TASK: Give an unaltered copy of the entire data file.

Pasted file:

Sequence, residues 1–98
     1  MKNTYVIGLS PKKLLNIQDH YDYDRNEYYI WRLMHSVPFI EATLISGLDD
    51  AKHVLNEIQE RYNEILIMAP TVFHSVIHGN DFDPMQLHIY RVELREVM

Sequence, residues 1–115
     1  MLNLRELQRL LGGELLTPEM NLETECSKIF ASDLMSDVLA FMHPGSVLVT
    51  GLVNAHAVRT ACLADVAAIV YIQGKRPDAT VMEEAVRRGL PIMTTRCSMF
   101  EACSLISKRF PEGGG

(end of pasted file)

Sequence, residues 1–98
     1  MKNTYVIGLS PKKLLNIQDH YDYDRNEYYI WRLMHSVPFI EATLISGLDD
    51  AKHVLNEIQE RYNEILIMAP TVFHSVIHGN DFDPMQLHIY RVELREVM

Sequence, residues 1–115
     1  MLNLRELQRL LGGELLTPEM NLETECSKIF ASDLMSDVLA FMHPGSVLVT
    51  GLVNAHAVRT ACLADVAAIV YIQGKRPDAT VMEEAVRRGL PIMTTRCSMF
   101  EACSLISKRF PEGGG